Archive for the ‘Goat Eats’ Category

Goats and Cantaloupe

I recently found a new food that Pasqualina loves: cantaloupe.

Here she is *so* happy to get some cantaloupe rinds:

I just love watching goats eat, don’t you?

I call this blackmail material for when future prom dates show up:

OK, admittedly, this is only for true goat lovers, but here is some video of Pasqualina meets cantaloupe:


By the way, Pasqualina doesn’t care for the melon or seeds; just the rinds. Except for when a rind touches the ground…then it stays there.

Blech, says Pasqualina, and I can’t blame her. And then the rind gets recycled to the chickens.

Introducing New Food to Goats: Pea Pods

Last week I arrived home to find several bags of emptied out pea pods in front of our door. I assume these were for the goats because, um, that’d be an awfully weird gift for someone otherwise.

How’s that for southern Italian hospitality? Even the goats get presents!

Well, I’m happy to report the girls LOVE the pea pods! Who knew goats and peas were like peas and carrots?* They gobbled them up so fast, I couldn’t even get good photos of the action. Should’ve taken video. Hmm. Next time. You’ll have to suffer through some gratuitous kid photos instead, OK?

Back to the pea pods. Even little Pinta snagged some pieces to munch on (the other two kids turned up their adorable widdle noses).

As the experts recommend, we make sure the goats (and kids) don’t eat a whole lot of anything new all at once. Pian piano (slowly) as the Italians say.

Regarding kids, they are born without developed rumens in their stomachs, which is why they only drink milk for a while. Now, though, at just about a month old, all the kids are starting to munch on hay and fresh greens, a little at a time. They actually seem pretty good about regulating themselves. It’s truly amazing how much animals just *know,* isn’t it?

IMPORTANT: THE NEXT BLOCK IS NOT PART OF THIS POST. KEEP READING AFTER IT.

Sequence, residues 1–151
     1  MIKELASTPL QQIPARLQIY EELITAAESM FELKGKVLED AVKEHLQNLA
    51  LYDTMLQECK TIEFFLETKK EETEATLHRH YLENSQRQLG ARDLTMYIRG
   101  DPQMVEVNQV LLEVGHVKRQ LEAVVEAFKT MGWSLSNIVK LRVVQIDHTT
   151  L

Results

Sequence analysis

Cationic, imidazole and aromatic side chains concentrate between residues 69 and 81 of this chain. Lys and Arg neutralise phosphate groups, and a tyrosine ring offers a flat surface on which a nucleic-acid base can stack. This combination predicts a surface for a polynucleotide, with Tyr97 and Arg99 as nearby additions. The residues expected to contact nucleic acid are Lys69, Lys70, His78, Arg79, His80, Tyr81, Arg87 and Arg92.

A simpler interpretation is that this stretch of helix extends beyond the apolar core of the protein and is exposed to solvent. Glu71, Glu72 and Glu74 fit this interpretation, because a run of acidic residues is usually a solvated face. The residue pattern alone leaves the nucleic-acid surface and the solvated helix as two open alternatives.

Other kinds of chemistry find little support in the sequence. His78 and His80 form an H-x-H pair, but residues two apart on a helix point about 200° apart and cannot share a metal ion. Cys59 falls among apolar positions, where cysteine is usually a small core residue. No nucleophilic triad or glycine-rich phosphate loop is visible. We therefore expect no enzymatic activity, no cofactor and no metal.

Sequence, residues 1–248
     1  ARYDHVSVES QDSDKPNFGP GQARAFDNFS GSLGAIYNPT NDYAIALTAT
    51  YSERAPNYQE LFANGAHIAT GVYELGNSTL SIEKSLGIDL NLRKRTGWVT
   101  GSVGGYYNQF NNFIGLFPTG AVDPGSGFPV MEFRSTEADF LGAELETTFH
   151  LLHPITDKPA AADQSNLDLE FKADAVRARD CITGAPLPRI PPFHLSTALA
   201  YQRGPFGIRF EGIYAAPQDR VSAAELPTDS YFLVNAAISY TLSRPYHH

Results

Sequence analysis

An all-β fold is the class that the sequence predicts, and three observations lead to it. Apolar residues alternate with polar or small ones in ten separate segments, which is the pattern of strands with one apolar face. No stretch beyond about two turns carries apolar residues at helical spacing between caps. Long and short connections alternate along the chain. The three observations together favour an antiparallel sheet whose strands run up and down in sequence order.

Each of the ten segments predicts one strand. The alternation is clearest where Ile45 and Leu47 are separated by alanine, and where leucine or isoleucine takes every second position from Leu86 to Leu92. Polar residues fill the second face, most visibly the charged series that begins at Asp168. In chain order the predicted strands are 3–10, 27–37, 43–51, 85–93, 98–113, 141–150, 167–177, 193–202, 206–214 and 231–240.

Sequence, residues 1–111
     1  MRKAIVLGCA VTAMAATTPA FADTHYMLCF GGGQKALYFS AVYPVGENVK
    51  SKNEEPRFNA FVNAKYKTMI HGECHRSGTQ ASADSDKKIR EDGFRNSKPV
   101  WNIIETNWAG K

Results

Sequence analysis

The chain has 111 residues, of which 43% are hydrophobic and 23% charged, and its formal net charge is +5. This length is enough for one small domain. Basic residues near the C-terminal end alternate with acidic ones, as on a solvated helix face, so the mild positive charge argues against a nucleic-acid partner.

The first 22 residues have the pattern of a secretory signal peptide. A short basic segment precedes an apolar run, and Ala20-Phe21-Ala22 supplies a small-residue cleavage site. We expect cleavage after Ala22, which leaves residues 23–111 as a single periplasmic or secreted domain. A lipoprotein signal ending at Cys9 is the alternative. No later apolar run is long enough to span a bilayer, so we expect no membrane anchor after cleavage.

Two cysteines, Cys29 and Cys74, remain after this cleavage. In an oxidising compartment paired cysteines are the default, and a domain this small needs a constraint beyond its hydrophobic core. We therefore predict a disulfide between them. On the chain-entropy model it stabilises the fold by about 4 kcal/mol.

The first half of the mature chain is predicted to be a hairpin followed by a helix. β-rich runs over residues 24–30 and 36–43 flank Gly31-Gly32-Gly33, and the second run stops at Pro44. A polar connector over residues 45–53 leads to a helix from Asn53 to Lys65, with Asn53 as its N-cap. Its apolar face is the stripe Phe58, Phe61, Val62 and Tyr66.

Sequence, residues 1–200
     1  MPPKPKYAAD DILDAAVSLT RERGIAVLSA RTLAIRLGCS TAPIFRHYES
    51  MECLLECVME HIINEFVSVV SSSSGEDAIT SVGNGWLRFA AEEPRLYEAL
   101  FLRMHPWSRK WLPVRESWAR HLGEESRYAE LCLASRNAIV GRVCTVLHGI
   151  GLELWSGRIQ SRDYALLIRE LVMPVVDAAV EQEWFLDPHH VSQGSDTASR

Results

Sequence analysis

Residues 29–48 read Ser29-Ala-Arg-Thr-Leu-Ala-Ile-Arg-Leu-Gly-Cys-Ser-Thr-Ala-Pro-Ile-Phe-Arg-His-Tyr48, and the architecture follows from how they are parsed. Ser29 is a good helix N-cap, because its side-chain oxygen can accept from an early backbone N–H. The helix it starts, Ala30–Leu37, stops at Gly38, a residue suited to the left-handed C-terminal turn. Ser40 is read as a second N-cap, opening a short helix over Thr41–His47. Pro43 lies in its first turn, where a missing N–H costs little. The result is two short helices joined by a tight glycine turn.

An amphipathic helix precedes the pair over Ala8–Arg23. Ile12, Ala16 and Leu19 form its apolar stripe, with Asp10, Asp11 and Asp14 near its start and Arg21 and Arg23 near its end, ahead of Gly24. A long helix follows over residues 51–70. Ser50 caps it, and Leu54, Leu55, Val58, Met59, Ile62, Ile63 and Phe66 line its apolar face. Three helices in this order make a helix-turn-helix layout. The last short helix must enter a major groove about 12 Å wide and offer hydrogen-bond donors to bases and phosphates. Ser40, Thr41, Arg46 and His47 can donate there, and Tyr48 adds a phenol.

Even as adults, though, goats shouldn’t have too much of a good thing all at once; the delicate balance of even fully developed rumens can be thrown off by a large quantity of a new food. This, in turn, can cause digestive disturbances (diarrhea, etc.) or even death if the rumen shuts down completely.

Regarding new foods, we have one goat, Margherita, who will *never* eat anything new the first time; Carmelina, on the other hand, barely even sniffs something new before snarfing it down. Pasqualina has a middle-of-the-road, cautiously optimistic approach. That’s my baby!

Goats really do have unique personalities, and it’s been so fun to just watch and learn and get to know our goats and kids. Paolo and I joke it’s like our own Discovery Channel…in diretta (live). Molto cool.

*There’s a great list of  Edible & Poisonous Plants for Goats at Fias Co Farm!

On Goats, Banana Peels, Tin Cans, and Pants

You know you’re a goat mom when after you eat a banana, without thinking, you split the peel into six parts — two for each of your goats.

Did you know goats love banana peels? Mine sure do.

They do *not* however eat tin cans. Yes, I know what you’ve heard. LIES! ALL LIES, I tell you! Seriously, it’s a nasty rumor, so let’s just stop it right here.

They may, however, nibble on your pants if given half the chance as recently happened to Jorge Garcia, Hurley of Lost, at Maui Surfing Goat Dairy:

Thanks to my friend Girasoli of Shave Ice & Gelato for passing along that link.

If you have any other questions about what goats eat, please leave them in the comments!

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Goats that readers have spotted out and about. Send your photos to michelle(at)goatberries(dot)com! 

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